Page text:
John Ruskin – Study of a Tracery Window at Merton College, Oxford

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Inscribed in pencil ‘about 1874 – or/75 J.R. ‘and’ R.98 (lower right). Pencil and bodycolour, with touches of black ink, on wove paper.

Provenance: Probably Doctor William Odling (1829-1921) or Thomas Case (1844-1925), thence by descent to Thomas George Odling (1911-2002) and Hilary Katharine Odling, of Paxford House, near Chipping Campden, Gloucestershire. A year after her death, in 2019, the picture was auctioned as part of the subsidiary contents of Paxford House; RB Williams, Ross on Wye, 17th September 2020, Lot No. 1.

Sheet: 11 3/8 x 8 7/8 in. (29 x 22.5 cm.)
Mount: 20 1/8 x 17 1/8 in. (51.2 x 43.5 cm.)




There are two likely ways in which the drawing might have become part of the collection at Paxford. Firstly, Thomas’s father, Doctor William Odling was interested in art and was a prolific collector of old master prints. In 1868 he was appointed Fullerian Professor of Chemistry at the Royal Institute, a place where Ruskin gave many Friday Evening Discourses from the early 1860s to the mid-1870s. It is not unreasonable, therefore, to suppose that the paths of the two men may have crossed. Secondly, Thomas’s grandfather was Thomas Case (1844-1925), an academic, philosopher, sportsman and author. He was Fellow of Brasenose College, Oxford, from 1868 to 1870, tutor at Balliol from 1870 to 1876, and subsequently on the staff of Corpus Christi College, Oxford. He also became Waynflete Professor of Metaphysical Philosophy at Oxford and President of Corpus Christi College. He was particularly interested in architecture and was involved in various restoration projects in Oxford. Since Thomas Case and John Ruskin were in Oxford around the same time and held similar interests, it is quite likely that they would have met.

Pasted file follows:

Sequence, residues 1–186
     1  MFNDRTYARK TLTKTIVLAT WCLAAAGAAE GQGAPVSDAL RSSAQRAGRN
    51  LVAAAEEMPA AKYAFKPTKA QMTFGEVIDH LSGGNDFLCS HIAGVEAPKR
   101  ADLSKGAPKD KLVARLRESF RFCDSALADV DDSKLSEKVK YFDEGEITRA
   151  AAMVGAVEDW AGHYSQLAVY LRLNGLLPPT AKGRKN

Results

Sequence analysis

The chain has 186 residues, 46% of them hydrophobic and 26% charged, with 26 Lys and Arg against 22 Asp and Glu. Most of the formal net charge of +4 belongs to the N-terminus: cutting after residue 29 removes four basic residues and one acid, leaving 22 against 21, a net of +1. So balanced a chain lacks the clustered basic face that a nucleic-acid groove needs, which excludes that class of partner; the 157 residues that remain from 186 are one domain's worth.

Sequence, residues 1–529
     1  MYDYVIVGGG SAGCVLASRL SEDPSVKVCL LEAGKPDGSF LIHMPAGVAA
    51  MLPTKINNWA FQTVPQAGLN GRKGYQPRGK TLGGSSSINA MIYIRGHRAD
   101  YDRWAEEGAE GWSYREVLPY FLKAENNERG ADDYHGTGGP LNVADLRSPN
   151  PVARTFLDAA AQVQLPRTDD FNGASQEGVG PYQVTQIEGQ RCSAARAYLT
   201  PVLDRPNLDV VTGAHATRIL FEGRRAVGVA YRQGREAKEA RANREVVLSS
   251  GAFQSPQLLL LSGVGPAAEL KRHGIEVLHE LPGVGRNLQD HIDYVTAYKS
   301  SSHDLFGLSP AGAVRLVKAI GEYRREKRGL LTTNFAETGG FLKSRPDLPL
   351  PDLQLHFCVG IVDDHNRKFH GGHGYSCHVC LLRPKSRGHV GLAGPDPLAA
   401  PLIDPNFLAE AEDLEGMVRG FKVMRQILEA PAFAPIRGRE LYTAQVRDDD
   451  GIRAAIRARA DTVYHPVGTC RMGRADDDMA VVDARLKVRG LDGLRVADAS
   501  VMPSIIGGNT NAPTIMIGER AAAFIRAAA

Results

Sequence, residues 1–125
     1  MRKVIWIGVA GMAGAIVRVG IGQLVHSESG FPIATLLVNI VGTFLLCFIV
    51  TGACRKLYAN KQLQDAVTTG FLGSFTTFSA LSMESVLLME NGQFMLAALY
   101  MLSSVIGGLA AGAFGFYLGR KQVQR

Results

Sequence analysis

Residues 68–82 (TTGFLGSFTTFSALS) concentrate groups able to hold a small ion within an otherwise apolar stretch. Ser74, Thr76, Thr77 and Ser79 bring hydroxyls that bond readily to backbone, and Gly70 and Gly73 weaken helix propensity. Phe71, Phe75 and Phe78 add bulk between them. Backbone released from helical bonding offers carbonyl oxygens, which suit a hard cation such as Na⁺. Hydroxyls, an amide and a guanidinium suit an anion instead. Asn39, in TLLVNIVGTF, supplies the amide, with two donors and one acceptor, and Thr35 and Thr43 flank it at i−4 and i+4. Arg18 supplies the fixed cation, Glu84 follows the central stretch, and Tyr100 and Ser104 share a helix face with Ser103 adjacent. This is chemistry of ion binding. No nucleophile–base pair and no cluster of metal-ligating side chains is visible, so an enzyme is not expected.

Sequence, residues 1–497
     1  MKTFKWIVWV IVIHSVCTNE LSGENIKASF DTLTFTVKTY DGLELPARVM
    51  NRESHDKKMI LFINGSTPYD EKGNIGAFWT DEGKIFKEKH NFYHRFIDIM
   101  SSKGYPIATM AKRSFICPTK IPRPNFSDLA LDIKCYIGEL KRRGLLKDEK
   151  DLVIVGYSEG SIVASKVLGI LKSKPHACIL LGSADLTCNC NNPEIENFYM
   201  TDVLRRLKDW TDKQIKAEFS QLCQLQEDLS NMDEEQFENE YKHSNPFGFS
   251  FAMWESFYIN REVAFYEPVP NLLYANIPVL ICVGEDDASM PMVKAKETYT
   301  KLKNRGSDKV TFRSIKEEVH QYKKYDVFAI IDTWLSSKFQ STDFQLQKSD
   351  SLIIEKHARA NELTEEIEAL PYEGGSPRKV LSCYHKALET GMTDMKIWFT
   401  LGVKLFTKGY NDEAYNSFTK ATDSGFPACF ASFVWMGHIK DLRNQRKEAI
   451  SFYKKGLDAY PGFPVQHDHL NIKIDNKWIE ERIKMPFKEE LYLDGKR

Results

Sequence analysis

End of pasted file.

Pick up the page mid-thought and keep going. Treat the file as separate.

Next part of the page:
Ruskin, John (1819-1900)

John Ruskin was the leading English art critic of the Victorian era, as well as an art patron, draughtsman, watercolourist, a prominent social thinker, and philanthropist. He wrote on subjects as varied as geology, architecture, myth, ornithology, literature, education, botany, and political economy. His writing styles and literary forms were equally varied. He penned essays and treatises, poetry and lectures, travel guides and manuals, letters and even a fairy tale. He also made detailed sketches and paintings of rocks, plants, birds, landscapes, and architectural structures and ornamentation. The elaborate style that characterised his earliest writing on art gave way in time to plainer language designed to communicate his ideas more effectively. In all his writing, he emphasised the connections between nature, art, and society. He was hugely influential in the latter half of the 19th century and up to the First World War. After a period of relative decline, his reputation has steadily improved since the 1960s with the publication of numerous academic studies of his work. Today, his ideas and concerns are widely recognised as having anticipated interest in environmentalism, sustainability, and craft. Ruskin first came to widespread attention with the first volume of Modern Painters (1843), an extended essay in defence of the work of J. M. W. Turner in which he argued that the principal role of the artist is "truth to nature." From the 1850s, he championed the Pre-Raphaelites, who were influenced by his ideas. His work increasingly focused on social and political issues. Unto This Last (1860, 1862) marked the shift in emphasis. In 1869, Ruskin became the first Slade Professor of Fine Art at the University of Oxford, where he established the Ruskin School of Drawing. In 1871, he began his monthly "letters to the workmen and labourers of Great Britain", published under the title Fors Clavigera (1871–1884). During this complex and deeply personal work, he developed the principles underlying his ideal society. As a result, he founded the Guild of St George, an organisation that endures today.